If you've seen the "Visit Japan" advertisements, you'll know that the Japanese government has lately been on a drive to attract British visitors. Luckily for us, the glossy publicity is backed up by great deals on flights, which means now is a great time to visit Japan.
The two main international airports in Japan are New Tokyo International Airport(Narita Airport) and Kansai International Airport, near Osaka. Tokyo's older international airport, Haneda, deals mostly with domestic link flights.
Narita Airport is well-served for flights, with a wide choice of carriers. If you want a direct flight from the UK, the two best airlines in terms of price are usually Virgin Atlantic and British Airways, which cost around £820 for an adult return with taxes and fees included. You can get a cheaper flight if you travel indirectly, but some seeming bargains involve inordinately long journeys, so check the schedule carefully before you book.
Kansai Airport also has a wide choice of flights, which is good news for visitors. Your best bet for a direct flight is probably Japan Airlines, where prices start at under £800 for an inclusive return. A direct flight takes around 11 hours. As with Tokyo, you can save money by flying indirectly, and this gives you more choice of airlines, too. Emirates Airlines will take you via a city in the Middle East, most often Dubai, while Air France and KLM take you via Paris and Amsterdam respectively. As a general rule, shaving a hundred pounds off the cost of your flight usually means adding at least three hours to the duration.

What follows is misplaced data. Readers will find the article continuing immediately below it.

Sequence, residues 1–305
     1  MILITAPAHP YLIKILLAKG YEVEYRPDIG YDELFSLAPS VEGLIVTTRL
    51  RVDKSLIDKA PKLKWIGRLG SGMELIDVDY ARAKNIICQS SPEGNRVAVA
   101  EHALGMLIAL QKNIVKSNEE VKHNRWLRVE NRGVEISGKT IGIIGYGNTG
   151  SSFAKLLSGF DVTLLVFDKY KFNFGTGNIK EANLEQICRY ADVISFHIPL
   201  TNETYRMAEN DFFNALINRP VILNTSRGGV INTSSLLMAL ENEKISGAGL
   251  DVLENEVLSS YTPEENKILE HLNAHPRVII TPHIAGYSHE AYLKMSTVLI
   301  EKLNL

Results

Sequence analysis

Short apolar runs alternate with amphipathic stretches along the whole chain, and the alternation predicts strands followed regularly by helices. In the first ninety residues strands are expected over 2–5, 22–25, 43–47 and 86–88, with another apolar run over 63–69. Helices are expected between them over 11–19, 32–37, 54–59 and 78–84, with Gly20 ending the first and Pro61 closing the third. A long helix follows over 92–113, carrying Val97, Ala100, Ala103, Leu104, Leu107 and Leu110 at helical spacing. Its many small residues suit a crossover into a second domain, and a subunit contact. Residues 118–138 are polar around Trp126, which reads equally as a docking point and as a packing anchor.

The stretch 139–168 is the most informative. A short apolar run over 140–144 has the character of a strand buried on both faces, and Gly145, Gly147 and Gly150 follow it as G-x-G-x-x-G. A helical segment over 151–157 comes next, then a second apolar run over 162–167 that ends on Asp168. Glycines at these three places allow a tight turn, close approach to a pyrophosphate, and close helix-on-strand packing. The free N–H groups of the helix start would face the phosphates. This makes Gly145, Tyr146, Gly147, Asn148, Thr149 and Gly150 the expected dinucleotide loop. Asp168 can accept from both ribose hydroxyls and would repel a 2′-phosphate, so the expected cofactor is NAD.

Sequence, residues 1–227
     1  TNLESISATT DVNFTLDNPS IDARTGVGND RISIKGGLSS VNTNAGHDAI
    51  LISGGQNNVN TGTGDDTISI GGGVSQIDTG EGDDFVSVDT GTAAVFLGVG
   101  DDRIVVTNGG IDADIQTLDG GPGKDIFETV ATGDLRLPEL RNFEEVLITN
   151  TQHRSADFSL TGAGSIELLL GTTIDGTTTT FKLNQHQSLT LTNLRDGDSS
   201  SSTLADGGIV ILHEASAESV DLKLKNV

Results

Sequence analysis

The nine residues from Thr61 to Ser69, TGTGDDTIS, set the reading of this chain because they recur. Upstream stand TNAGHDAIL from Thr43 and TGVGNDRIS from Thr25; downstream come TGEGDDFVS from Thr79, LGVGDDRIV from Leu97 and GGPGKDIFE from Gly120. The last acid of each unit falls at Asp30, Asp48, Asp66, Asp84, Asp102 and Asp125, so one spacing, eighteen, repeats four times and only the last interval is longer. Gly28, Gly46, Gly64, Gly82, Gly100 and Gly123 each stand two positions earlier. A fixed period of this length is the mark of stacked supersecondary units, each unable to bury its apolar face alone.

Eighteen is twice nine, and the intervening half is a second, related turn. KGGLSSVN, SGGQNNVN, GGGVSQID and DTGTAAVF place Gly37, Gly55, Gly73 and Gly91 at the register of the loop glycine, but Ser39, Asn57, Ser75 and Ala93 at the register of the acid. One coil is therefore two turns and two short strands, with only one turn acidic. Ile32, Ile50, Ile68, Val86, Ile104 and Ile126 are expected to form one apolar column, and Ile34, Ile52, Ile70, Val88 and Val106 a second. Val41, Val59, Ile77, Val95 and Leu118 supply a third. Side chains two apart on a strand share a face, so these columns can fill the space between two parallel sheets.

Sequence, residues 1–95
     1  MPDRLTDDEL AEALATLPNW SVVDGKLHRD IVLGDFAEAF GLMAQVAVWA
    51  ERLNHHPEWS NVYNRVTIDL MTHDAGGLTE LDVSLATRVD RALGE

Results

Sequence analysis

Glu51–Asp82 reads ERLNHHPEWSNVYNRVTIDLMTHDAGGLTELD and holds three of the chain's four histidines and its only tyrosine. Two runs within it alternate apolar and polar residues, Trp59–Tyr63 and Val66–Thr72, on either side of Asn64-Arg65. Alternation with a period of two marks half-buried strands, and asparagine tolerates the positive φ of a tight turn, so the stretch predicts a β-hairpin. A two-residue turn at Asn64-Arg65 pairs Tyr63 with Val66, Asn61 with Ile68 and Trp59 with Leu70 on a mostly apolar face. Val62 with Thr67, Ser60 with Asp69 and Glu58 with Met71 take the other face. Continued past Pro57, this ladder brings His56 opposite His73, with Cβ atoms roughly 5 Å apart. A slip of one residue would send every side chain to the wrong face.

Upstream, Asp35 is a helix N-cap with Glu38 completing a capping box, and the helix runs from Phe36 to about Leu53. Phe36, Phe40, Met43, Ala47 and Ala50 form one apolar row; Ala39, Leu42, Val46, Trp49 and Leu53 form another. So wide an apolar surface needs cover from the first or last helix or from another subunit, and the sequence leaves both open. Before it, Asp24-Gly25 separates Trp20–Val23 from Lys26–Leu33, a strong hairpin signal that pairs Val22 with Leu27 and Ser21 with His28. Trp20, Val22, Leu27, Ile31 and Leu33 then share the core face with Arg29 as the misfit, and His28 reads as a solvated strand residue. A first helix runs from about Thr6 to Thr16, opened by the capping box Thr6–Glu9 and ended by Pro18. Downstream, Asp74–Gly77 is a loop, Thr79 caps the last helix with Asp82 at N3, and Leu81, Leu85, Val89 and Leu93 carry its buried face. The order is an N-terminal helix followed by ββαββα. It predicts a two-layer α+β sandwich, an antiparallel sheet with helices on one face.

If you're travelling elsewhere in Japan, Japan Airlines has the widest choice of flights, although British Airways also offer competitive prices for flights to Fukuoka and Nagoya.
Once you've arrived at your destination, getting around is fairly easy, as Japan has one of the most efficient public transport systems in the world. Buses and trains are renowned for their punctuality, which comes as a pleasant surprise to anybody used to the British system. Japan is also famous for the Shinkansen, or "bullet trains", which travel at very high speed. The Nozomi train, which runs between Osaka and Tokyo, achieves speeds of nearly 200mph. The bad news about travelling around Japan is that it's hard to avoid being crowded, especially in major cities; trains and buses can be uncomfortably packed, and if you're driving you'll probably find yourself snarled up in traffic. The whole situation is even worse in rush hour. It's best to take the train and see the crush as part of the whole Japan experience.